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Ethics as an aspect of axiology has always existed strictly as a human affair. This had given rise to the conclusion that human centered ethics, in its conception and articulation is insufficient in the face of the present day environmental problem; since humans neither consider the natural world nor its wild living beings as entity worthy of moral consideration. With the three main components of Taylor’s  ethics, namely:  the belief- system, the attitude of respect for nature and the system of rules and principles, the study established the intelligibility and necessity of a life-centered theory of environmental ethics (which also is its main objective) against the prevailing anthropocentric  view. To attain the above stated goal, the work employed the historical and analytical methods, interpretation and argumentation to explore data sourced from books, journals and articles. The analyses of the work under discussion revealed the following: (i) that it is intelligible to conceive a life-centered theory of environmental ethics similar to human ethics, (ii) It is also a necessity because human ethics is insufficient in our present day environmental problems, (iii) human claim of superiority over nonhuman living beings could not be philosophically justified (iv) the nonhuman living beings of the natural world have inherent worth of their own, which does depend on their usage in furthering any human end. Despite the challenges and conflicts inherent in life-centered theory of environmental ethics, the study saw the possibility of adopting Taylor’s biocentric ethics as a means of solving the present day environmental problems and also articulating new environmental concern.



1.1       Background to the Study
1.2       Statement of the Problem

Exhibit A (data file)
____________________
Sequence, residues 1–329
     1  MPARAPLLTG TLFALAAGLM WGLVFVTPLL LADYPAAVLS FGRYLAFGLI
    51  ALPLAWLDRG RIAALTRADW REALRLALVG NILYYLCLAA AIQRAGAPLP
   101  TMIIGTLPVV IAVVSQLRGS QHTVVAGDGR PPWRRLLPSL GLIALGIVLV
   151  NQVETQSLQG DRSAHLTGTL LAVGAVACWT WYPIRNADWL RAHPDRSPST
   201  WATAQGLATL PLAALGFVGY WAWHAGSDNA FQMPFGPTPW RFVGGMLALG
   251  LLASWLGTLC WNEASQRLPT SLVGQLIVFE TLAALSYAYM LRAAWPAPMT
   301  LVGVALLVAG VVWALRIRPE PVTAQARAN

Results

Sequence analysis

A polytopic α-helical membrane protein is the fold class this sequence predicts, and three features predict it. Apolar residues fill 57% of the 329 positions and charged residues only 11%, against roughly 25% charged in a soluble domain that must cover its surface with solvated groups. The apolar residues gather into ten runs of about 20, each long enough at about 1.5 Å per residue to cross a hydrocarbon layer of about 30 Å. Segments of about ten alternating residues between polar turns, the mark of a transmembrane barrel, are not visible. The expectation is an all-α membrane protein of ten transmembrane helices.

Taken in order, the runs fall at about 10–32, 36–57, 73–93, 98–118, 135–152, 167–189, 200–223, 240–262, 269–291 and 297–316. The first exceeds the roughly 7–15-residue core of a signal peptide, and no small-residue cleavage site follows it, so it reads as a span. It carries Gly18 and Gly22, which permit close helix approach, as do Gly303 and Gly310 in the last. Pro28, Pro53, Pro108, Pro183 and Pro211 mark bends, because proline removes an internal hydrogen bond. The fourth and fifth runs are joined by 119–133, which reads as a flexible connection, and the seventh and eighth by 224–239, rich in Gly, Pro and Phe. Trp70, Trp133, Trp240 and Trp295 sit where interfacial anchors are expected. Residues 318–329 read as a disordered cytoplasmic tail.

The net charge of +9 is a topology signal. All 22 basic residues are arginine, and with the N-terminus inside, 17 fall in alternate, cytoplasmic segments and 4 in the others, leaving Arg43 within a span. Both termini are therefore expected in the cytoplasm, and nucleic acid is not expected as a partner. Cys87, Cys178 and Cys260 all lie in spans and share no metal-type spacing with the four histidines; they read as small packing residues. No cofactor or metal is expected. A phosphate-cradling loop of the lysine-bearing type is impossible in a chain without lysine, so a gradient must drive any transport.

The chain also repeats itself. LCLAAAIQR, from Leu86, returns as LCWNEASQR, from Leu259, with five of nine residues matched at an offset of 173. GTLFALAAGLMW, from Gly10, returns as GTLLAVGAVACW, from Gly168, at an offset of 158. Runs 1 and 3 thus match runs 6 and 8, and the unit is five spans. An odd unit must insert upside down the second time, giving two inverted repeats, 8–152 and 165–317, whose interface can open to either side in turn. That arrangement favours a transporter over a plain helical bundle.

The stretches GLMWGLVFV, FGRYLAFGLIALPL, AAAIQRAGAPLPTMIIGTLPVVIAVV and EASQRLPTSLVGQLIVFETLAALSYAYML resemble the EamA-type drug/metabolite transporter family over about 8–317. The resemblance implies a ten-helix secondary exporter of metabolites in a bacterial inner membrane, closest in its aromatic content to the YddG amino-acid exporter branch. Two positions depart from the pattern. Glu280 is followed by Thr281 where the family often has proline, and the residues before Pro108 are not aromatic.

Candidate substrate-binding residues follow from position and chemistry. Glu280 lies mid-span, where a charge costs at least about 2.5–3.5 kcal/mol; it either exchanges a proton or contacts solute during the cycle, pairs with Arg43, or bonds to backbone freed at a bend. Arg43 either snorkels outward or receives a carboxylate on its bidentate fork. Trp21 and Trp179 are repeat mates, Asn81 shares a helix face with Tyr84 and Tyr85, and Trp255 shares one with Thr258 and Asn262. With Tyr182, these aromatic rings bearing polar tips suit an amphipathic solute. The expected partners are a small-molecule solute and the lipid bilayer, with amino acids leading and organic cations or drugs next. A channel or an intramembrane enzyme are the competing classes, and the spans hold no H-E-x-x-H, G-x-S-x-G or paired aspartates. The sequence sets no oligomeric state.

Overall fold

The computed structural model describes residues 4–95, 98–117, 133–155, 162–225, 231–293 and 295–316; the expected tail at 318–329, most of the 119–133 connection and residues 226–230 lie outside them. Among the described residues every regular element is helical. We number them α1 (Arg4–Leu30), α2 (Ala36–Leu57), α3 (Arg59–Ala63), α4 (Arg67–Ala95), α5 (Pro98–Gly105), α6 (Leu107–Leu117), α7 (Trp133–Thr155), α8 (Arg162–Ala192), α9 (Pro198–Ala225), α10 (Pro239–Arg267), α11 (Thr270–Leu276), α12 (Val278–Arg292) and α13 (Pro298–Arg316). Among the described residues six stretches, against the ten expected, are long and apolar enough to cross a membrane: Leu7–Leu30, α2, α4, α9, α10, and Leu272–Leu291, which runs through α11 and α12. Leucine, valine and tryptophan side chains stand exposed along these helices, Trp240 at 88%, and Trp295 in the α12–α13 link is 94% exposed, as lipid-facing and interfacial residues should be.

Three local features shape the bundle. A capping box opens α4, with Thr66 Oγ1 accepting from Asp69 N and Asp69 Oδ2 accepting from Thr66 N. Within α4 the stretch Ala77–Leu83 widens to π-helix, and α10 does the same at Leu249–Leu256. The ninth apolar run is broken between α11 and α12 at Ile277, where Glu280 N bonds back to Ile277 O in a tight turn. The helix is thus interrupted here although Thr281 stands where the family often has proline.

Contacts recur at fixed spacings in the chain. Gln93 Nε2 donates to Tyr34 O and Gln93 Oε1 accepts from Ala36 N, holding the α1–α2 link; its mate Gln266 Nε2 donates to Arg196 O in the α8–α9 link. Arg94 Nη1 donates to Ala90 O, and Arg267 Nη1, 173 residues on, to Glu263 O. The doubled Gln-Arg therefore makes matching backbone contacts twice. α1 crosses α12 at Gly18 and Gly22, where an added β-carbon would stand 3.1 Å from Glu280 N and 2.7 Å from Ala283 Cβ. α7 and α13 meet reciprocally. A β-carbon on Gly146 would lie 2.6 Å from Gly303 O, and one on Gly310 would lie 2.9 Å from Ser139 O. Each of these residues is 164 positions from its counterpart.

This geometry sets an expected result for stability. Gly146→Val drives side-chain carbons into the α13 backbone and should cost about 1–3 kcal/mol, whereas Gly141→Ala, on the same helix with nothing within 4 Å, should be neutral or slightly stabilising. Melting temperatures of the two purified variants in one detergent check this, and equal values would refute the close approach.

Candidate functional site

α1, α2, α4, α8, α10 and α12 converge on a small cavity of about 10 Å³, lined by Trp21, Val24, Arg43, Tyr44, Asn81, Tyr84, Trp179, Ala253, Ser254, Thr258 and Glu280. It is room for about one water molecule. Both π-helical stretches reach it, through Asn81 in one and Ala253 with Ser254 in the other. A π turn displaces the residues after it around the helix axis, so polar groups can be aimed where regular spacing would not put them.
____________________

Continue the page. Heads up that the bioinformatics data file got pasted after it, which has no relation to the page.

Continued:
1.3       Purpose of the Study
1.4       Scope of the Study
1.5       Significance of the Study
1.6       Methodology


3.1 Life and Biocentrism
3.2 The Critique of Anthropocentric Ethics
3.3 The Attitude of Respect
3.4 The Belief System
3.5 The System of Rules and Standards

4.1 The Nature of these Conflict
4.2 The Application of the Priority Principles
4.3 The Ethics of Bioculture
4.4 Ethical harmony between Humans and Nonhumans

5.1 Important Considerations on Taylor’s Biocentric Ethics
5.2 The Implications of Taylor’s Biocentric Ethics
5.3 Challenges to Taylor’s Ethics
Summary And Conclusion



1.1  Background of the Study
In the course of my consideration on what to write on, I came across a book titled The Environmental Ethics Policy Book, edited by Donald VanDeveer and Christine Pierce, which belonged to my supervisor. Reading from the book the works of Peter Singer and Paul Taylor, on Animal Liberation and Respect for Nature: A Theory of Environmental Ethics respectively, I was relieved to discover that environmental issues have philosophical/ethical dimension. With the above discovery in mind, I was determined to seek the philosophical and ethical justification of humans in their unrestrained exploitation and abuse of the natural ecosystems. In this regard, therefore, I found Paul Taylor’s ethics of respect for nature in line, and appropriate for my considerations.
 The three elements of Taylor’s concept of environmental ethics that attracted my concern were: the emphasis on Life itself as the prerequisite for moral consideration, the affirmation of the inherent worth instead of Right of living things, and the application of normative principles for fair resolution of conflicts. Thus, it is pertinent to state here that the above account led me into this research work.